Hawzen, Ethiopia, September 2017
The Tigray region of Ethiopia, located in the North, is famous with the locals and tourists for its churches. There are over 130 churches that are monolithic (located in the rock) , semi-monolithic (part of the church is located in the rock, and part on the ground) and rock-hewn (carved out completely from the rock).
We’re not really religious and definitely not church-goers, but the adventure side of things, as well as the beautiful history attracted us to Tigray and its famous Abuna Yemata and Abreha We Atsbeha. You may wonder: adventure side of things whilst visiting churches? Well, once you find out what you have to do to get to the churches, you’ll understand!
Below we answer some questions that we ourselves were wondering about, before we headed to Tigray. Hopefully you'll find them useful and you'll love the Tigray Churches as much as we did!
Which Tigray Churches to see?
With over 130 churches to choose from, it might be a difficult choice! Our time was limited, we only had one full day and a half-day to sightsee. There are different types of beautiful buildings to see, depending on your taste and possibilities. You can either drive and walk for 5 minutes to the gates (Abreha We Atsbeha) , or you can walk for an hour and then climb a steep 300m free standing rock (Abuna Yemata)! There are also other options, where you can walk for 2 hours on a medium difficulty path, to get to Maryam Korkor and Daniel Koror, where the views are said to be stunning.
Since we’re not really into trekking extensively and we would rather take a steep path for an hour, rather than gradually walk up for 3 hours, our first choice was Abuna Yemata, famous for its difficult reach. We didn’t want to have a rushed day, so the second choice was more easy going and didn’t demand walking for too long - Abreha We Atsbeha. To decide exactly what you want to see, you should pop over to Gheralta Lodge. If you can’t stay there, have a delicious breakfast, lunch or dinner, and check their library (and Tigray Churches guide) for extensive information about Gheralta Mountains (where Abuna Yemata is located), and Tigray Churches. You’ll find an answer to every question and you’ll be able to chat to the staff, who will be able to help you come up with a perfect itinerary, if you’re travelling independently.
How to get to Abuna Yemata?
To get to Abuna Yemata, it’s best to leave from Gheralta Lodge (it’s the closest, 15 min drive), Hawzen (the little town nearby, 25min drive) or Mek’ele (be prepared for a longer drive, 2-3 hours). If you reach Gheralta Lodge independently, you can find a driver there and they can recommend you a guide, which then you can pick up on the way to Abuna Yemata, from the village named Megab.
From there you’ll drive about 10 minutes to the foot of Gheralta Mountains’ eastern side. After that, be prepared for 45-60 mins trek up the steep mountain. The trek is not extremely difficult - you go up via stone path/naturally stepped out stairs, and you can stop and rest quite a lot on the way, because the altitude rises up pretty quickly so your breathing might become faster and deeper. We quite enjoyed the views on the way, stopping often and taking shots of the beautiful landscape in front of us.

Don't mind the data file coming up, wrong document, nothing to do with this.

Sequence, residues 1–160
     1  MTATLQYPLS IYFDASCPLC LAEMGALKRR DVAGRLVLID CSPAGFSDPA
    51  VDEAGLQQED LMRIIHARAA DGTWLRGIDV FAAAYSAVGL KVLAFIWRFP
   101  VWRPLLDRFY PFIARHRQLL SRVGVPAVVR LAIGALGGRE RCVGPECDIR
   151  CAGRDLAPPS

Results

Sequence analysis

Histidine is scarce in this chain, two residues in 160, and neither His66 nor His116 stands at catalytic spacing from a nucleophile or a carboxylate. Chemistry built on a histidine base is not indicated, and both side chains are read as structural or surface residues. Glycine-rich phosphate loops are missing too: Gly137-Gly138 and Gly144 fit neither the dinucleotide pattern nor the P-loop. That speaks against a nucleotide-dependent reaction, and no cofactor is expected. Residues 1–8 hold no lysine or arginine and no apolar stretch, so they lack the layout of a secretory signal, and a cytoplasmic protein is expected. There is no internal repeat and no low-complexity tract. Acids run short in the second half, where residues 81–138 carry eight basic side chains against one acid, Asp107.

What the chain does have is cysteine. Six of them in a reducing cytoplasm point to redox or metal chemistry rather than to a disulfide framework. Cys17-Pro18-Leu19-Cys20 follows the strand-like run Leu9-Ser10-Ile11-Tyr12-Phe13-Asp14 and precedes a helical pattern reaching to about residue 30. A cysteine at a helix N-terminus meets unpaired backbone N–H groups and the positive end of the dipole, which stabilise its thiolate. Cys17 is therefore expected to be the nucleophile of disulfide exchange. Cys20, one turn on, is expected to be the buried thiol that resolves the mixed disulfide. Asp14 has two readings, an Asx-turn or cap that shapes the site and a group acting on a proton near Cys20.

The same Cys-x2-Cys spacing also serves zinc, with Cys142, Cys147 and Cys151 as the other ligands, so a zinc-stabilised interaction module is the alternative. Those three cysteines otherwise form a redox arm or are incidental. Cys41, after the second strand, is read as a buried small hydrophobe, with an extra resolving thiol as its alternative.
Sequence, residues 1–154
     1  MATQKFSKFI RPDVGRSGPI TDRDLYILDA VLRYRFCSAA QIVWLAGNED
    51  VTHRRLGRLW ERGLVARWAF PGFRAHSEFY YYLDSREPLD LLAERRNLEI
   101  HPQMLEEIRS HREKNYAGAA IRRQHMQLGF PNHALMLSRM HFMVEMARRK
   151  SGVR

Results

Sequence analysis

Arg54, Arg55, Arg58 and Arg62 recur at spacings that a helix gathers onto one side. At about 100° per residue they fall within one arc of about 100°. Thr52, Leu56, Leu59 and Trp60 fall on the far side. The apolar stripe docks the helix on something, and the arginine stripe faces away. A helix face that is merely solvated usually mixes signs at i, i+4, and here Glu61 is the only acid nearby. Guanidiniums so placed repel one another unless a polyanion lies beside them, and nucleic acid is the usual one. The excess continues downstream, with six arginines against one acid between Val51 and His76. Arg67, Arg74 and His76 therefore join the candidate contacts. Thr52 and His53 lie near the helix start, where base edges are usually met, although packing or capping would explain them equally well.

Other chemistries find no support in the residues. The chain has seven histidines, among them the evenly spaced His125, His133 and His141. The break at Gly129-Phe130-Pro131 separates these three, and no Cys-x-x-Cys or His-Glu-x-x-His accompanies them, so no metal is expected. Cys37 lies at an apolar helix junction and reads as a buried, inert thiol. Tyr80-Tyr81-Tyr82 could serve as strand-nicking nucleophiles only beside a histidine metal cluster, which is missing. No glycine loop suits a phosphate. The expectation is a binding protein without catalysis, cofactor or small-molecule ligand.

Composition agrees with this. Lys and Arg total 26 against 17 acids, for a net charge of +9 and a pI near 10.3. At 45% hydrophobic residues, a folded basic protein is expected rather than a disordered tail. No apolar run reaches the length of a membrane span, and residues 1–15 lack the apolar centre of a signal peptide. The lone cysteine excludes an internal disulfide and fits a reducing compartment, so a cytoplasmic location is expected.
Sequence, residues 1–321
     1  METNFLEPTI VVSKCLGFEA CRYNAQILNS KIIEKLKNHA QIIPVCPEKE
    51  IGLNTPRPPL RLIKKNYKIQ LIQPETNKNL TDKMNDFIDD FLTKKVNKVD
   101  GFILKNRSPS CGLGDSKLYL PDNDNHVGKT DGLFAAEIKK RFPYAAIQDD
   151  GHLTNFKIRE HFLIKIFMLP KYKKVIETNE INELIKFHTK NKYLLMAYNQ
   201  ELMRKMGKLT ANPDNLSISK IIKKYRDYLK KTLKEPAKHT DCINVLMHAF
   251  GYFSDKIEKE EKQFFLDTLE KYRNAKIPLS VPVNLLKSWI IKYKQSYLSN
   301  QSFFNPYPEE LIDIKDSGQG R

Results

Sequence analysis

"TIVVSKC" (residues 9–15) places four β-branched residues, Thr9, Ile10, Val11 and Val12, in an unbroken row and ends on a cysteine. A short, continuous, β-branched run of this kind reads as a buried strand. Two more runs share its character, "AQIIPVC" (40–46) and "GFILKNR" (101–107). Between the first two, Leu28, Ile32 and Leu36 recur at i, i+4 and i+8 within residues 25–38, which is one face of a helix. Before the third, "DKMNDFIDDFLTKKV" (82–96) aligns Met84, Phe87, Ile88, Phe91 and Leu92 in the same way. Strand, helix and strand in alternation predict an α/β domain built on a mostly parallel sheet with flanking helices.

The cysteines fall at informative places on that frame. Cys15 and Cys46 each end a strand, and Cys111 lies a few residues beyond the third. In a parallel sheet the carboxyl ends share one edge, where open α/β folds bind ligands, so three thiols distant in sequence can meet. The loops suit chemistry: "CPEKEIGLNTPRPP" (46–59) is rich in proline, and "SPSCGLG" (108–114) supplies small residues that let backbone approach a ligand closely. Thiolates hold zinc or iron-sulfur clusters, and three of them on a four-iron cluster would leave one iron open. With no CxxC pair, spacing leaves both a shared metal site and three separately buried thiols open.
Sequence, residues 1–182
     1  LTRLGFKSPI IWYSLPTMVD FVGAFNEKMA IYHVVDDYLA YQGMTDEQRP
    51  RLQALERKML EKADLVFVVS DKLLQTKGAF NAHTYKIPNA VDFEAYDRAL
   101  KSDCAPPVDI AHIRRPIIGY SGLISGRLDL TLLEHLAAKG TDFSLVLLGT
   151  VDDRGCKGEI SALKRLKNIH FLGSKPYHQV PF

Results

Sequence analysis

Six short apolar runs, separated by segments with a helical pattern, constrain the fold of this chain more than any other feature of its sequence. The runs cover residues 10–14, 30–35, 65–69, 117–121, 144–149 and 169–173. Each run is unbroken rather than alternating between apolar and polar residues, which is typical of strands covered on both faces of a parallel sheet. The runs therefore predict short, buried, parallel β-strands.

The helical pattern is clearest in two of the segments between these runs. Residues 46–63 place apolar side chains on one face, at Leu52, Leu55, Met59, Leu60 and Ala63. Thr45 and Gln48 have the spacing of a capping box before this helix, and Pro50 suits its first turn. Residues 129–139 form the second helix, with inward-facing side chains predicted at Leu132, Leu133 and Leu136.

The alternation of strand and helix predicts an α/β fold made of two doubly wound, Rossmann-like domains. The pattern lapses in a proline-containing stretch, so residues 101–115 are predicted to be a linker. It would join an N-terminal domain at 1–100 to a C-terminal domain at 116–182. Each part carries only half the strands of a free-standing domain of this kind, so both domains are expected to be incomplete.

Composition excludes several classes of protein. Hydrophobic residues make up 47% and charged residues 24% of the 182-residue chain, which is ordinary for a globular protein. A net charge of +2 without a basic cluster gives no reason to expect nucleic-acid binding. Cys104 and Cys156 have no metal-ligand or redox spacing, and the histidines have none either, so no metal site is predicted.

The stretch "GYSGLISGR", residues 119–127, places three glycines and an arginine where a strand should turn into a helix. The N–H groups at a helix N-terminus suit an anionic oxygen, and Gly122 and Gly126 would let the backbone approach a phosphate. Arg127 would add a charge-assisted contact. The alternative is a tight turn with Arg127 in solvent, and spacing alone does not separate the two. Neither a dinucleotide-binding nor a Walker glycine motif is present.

Once you reach one of the actual Gheralta Mountains’ rock, you’ll be faced with a choice - climb with or without the rope. We just laughed when we were offered the choice - how would we even climb this vertical rocky wall without any rope, if even the smallest mistake would mean we would roll down the cliff behind our backs?!
So yes - we opted for the harness and rope, although the local scouts who voluntarily walked with us jumped up the rock without much difficulty! Their presence was actually really helpful because they were directing us where exactly we should place our feet and hands. The climb up was pretty scary (although it turned out later on that the climb down was worse!) because if you let go off the rock, nonetheless the harness and ropes, you’d be hurt pretty badly bouncing off the rock that you’re facing! Besides climbing, there is a few more minutes of walking steeply up involved, and more climbing without the ropes. But in the end - once you get to the top and your heart stops thumping from fear, you’re there - in the middle of a 300m free standing rock!
Now you just have to walk on the cliff shelf, which in comparison to the previous climb, is not that scary, and you can enter Abuna Yemata! You’ll be one of the few tourists that managed to get there.
If you’re a girl, and fellow male travellers told you you may be not allowed inside, don’t even listen to them…you’re perfectly fine - you’re more than welcome inside and if you brought a scarf with yourself, cover up your knees and arms, but it’s not the end of the world if you don't.
How to get to Abreha We Atsbeha?
Getting to Abreha We Atsbeha is pretty straightforward, as every guide and driver knows this church because it is named after the famous kings of Axum. You will drive for about 30 minutes through some pretty idyllic scenes of farm and village life, with the mountains in the background, and you’ll stop right in front of the gates. Then, it’s an easy, 2 minute walk, up the stairs to the church. Because of it’s easy reach, this church is very popular with pilgrimages of local and foreign tourists.
Do you need a guide to see Tigray churches?
Unfortunately, yes! Why unfortunately? For us it’s unfortunate because we really love independent travel and we’re very slow - we like sitting for half an hour and starring at the beautiful landscapes, we take a lot of photographs and film and this all takes time, whilst guides are usually quite on point when it comes to showing you places. Nonetheless, if you’re staying in Gheralta Lodge, ask them about recommending you a guide - say how you like visiting places, whether you’re fast or slow, physically strong or you need more time to get up the hill, and of course discuss the budget. Otherwise, you can pick up a guide from Megab, but be prepared to haggle and deal with shouting (there are a lot of guides waiting by the road and each of them wants to be the chosen one!).